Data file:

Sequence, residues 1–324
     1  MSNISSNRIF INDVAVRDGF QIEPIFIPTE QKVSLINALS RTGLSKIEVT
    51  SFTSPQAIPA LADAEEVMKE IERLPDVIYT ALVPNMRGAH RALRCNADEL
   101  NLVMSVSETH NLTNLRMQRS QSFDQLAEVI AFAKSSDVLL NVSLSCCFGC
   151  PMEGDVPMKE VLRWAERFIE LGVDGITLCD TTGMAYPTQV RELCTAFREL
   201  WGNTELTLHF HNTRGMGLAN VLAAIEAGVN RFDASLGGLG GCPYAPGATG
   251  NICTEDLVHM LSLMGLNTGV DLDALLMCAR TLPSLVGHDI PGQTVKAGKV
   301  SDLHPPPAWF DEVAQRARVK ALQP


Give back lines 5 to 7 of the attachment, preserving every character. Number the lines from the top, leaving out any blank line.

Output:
   151  PMEGDVPMKE VLRWAERFIE LGVDGITLCD TTGMAYPTQV RELCTAFREL
   201  WGNTELTLHF HNTRGMGLAN VLAAIEAGVN RFDASLGGLG GCPYAPGATG
   251  NICTEDLVHM LSLMGLNTGV DLDALLMCAR TLPSLVGHDI PGQTVKAGKV